Now referring to FIG. 2, a retainer 25 is shown which obscures part of the space in or adjacent to the second part 23 of the slot 16. Although the retainer 25 is preferably in the plane of the plate 14, the word “adjacent” is meant to indicate that the retainer 25 could be located in a similar location in parallel planes above or below the plate 14 which are close enough to the plate 14 to allow the retainer to perform its functions.

The functions of the retainer 25 will be described in more detail further below but include inhibiting the connector 12, when engaged to the plate 14, from moving towards the second part 23 of the slot 16 where it might disengage from the slot 16. In some applications, the retainer 25 is not necessary and the connection 6 is sufficiently secure without it. For example, the connector 12 can be sized to provide a friction fit to the plate 14. Alternatively, the tensile element 8 may be kept under tension once attached to the object 10 which will inhibit the connector 12 from moving in the slot 16.

Although the retainer 25 may be a separate component, it is preferably a unitary construction with the plate 14. Like the stop 18, the retainer 24 can be a part of the plate 14 made by cutting out the slot 16 so as to leave a portion of the plate 14 attached to one edge of the second part 23 of the slot 16. The retainer 24 can be attached to either of the second edges 22 but is preferably attached to the second end 24 of the slot 16.

Referring now to FIGS. 3A and 3B, two versions of a connector 12 are shown. Each connector 12 has a body 34 with a first end 36 engageable with a tensile element. In the connector 12 of FIG. 3A, the first end 36 has a hole 38 for insertion of a tensile element. Preferably, the connector 12 is a casting with the tensile element cast in place in the hole 38 or made to tolerances such that the tensile element 8 is a friction fit in the hole 38. However, many alternate methods might be appropriate for different applications. For example, as shown in FIG. 3C, the tensile element 8 can be pushed through the hole 38 and provided with a collet, nut, or other obstruction 39 on its end to keep it from passing back out through the hole. In other applications, the tensile element 8 can be held in the hole by a set screw or pin 41 or by crimping the connector 12. In the connector 12 of FIG. 3B, the first end 36 is adapted to receive a tensile element which is the conduit part of a cable assembly. In this case, the hole 38 is sized to permit the cable to pass through it. A second countersunk hole 40 is sized to accept the end of the conduit to hold it in position and provide a bearing surface 42 for the end of the conduit. The preferred material for the connector 12 is primarily chosen based on the force to be applied to it and compatibility with the plate 14 and tensile element 8 and may be, for example, steel, aluminum or plastic.

Referring still to FIGS. 3A and 3B, a second end 44 of the connector has a lower abutment 46, a post 48 and an upper abutment 50. The lower abutment 46 extends from the second end to be wider than the post 48. The upper abutment 50 has two principle surfaces. A first surface 52 extends from the second end 44 in a direction parallel with the axis of the hole 38. Second surfaces 54 extend from the second end 44 to be wider than the post 48.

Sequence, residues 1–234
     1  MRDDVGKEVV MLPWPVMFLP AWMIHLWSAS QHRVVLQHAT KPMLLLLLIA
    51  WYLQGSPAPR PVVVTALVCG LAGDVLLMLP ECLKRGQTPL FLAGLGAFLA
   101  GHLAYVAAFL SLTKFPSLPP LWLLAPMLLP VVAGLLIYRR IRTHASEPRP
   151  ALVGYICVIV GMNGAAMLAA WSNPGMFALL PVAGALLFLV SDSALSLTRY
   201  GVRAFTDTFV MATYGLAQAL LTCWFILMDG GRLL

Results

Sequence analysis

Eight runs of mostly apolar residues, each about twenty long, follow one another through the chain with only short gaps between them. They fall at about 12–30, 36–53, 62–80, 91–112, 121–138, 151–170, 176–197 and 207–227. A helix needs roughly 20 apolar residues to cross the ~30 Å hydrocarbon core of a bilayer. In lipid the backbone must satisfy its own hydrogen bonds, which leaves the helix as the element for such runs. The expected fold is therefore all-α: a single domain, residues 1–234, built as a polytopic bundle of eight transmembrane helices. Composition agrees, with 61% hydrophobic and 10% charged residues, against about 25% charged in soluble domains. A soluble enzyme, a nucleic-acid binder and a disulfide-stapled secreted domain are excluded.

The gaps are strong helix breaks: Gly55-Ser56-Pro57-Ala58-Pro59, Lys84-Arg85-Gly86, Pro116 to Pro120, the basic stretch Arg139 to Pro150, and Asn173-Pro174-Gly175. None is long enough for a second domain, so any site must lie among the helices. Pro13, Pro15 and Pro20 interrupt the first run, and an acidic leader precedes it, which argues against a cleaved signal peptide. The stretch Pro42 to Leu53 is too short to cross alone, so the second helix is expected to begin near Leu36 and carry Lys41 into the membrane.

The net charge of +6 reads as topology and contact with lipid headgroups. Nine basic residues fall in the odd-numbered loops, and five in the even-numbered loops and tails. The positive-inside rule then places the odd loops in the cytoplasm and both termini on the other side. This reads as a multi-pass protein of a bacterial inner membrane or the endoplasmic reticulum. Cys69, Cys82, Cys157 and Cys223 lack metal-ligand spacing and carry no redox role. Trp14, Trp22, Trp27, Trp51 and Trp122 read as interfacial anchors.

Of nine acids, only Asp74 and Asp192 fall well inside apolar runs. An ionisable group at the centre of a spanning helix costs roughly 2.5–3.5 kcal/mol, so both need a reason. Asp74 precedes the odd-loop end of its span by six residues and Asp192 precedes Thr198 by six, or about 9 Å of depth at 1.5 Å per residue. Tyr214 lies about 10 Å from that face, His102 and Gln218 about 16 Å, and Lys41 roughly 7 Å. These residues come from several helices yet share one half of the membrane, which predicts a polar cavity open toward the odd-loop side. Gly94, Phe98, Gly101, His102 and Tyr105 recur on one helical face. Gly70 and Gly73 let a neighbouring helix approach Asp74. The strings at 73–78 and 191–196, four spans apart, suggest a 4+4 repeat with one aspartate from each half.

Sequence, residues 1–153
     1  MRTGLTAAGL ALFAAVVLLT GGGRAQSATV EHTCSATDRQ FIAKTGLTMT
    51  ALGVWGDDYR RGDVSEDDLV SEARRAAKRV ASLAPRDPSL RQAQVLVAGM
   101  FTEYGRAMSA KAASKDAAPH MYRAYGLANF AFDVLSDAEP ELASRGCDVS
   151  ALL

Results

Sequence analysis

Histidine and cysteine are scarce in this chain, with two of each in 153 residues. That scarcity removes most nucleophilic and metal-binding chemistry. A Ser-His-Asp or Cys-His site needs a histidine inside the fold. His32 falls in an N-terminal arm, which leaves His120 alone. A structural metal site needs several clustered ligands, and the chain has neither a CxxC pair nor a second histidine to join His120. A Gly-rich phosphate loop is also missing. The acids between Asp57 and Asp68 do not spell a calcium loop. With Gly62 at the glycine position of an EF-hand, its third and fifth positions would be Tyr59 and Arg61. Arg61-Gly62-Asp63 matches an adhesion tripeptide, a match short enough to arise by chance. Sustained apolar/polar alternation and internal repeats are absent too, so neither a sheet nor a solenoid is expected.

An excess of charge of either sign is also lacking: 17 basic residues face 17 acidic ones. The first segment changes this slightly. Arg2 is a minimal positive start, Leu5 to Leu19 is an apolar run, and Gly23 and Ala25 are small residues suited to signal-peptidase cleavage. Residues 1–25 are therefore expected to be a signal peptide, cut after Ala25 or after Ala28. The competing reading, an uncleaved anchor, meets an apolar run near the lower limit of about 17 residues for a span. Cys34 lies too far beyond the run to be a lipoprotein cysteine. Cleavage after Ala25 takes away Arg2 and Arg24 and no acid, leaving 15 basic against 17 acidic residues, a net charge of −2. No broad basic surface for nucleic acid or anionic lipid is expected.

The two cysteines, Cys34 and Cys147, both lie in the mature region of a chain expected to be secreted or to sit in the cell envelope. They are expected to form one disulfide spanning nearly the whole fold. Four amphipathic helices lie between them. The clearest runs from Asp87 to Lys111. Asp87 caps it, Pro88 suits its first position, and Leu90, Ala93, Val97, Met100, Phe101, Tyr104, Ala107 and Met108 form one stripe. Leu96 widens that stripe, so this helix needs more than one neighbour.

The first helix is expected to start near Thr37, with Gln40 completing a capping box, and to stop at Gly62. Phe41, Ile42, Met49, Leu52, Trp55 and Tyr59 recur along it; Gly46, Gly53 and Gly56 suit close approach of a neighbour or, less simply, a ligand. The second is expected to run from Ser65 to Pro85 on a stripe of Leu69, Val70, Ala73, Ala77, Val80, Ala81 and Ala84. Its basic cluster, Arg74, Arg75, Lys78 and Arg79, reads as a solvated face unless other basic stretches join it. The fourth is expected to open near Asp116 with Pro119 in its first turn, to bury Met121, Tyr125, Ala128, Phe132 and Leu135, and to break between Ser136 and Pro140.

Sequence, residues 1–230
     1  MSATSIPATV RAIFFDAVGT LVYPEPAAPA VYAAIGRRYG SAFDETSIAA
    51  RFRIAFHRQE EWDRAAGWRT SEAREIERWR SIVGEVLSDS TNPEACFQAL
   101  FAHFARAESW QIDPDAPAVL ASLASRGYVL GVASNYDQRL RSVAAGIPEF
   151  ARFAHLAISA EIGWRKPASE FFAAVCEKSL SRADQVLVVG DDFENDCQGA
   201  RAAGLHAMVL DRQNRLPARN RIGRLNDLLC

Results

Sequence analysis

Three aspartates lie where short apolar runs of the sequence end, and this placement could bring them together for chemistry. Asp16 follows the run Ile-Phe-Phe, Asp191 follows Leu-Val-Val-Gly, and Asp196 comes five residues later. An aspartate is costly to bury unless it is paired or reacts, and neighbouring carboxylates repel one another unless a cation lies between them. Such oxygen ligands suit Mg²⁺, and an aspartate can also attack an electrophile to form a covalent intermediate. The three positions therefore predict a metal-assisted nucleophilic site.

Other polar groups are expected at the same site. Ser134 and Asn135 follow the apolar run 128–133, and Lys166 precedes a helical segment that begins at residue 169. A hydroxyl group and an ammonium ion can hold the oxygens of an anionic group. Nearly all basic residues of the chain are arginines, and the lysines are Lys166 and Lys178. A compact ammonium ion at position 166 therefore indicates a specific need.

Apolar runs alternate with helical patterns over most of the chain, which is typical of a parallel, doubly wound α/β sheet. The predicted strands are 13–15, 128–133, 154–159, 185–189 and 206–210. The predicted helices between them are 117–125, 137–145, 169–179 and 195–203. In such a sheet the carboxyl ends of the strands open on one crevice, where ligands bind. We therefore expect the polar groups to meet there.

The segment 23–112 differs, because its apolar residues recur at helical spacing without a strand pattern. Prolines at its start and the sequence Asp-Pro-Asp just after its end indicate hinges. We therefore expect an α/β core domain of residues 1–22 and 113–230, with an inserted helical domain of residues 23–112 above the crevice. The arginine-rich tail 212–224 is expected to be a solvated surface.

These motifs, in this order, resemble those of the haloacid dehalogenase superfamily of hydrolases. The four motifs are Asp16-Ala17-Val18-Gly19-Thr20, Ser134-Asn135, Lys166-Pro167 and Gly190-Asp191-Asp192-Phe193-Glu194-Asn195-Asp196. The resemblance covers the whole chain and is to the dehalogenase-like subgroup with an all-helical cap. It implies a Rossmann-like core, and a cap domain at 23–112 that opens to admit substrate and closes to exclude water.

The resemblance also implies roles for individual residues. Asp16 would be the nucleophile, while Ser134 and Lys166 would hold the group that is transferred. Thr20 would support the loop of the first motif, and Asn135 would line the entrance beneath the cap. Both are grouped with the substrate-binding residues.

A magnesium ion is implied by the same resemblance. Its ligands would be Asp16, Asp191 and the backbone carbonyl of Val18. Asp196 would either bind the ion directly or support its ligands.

Referring now to FIG. 4, a portion of the plate 14 is shown without the retainer 25 and with a connector 12 engaged to the plate 14 in the area of the first part 21 of the slot 16. The second part 23 of the slot 16 is wider than the first part 21 of the slot 16. The second end 44 of the connector 12 is shown protruding through the plate 14 and covering a portion of the first part 21 of the slot 16. The width of the lower abutment 46 is less than the width of the second part 23 of the slot 16 so that the lower abutment 46 can pass through the second part 23. Conversely, the width of the lower abutment 46 is greater than the width of the first part 21 of the slot 16 so that lower abutment 46 will engage the plate 14 in the area of the first part 21. Preferably, the upper abutment 50, shown in dashed lines, is also greater in width than the first part 21 of the slot 16 to keep the connector 12 from falling through the plate 14. More preferably, the upper abutment 50 is also greater in width than the second part 23 of the slot 16 to keep the connector 12 from falling through the plate 14 when the lower abutment 46 is passed through the second part 23 of the slot 16. The post 48 is narrower than the first part 21 of the slot 16 to allow the connector 12 to slide from the second part 23 to the first part 21 of the slot 16. Similarly, the lower abutment 46 and upper abutment 50 are spaced apart from each other by at least the thickness of the plate 14 to allow the connector 12 to slide from the second part 23 to the first part 21 of the slot 16.

Now referring to FIGS. 5A, the connector 12 is shown being inserted into the second part 23 of the slot 16. The retainer 25 is deflected downwards by the second end 44 of the connector 12 which is inserted until the lower abutment 46 has passed through the plate 14. The length of the second part 23 of the slot 16 is longer than the length of the lower abutment 46 so that the retainer 25 can bend without becoming permanently deformed.

Now referring to FIG. 5B, the connector has been slid to engage the first part 21 of the slot 16. A front face 60 of the connector 12 contacts the stop 18 when force is applied to the tensile element 8. Moment forces created by the tensile element 8 are resisted by a combination of contact between the lower abutment 46 and upper abutment 50 on opposite sides of the plate 14. The upper abutment 50 may contact the plate 14 at the first surface 52, the second surface 54, or both. The size of the moment forces created by the tensile element 8 can be reduced by locating the tensile element 8 in the connector 12 such that the tensile element 8 is close to the plate 14 or in the plane of the plate 14 when the connector 12 is engaged with the plate 14.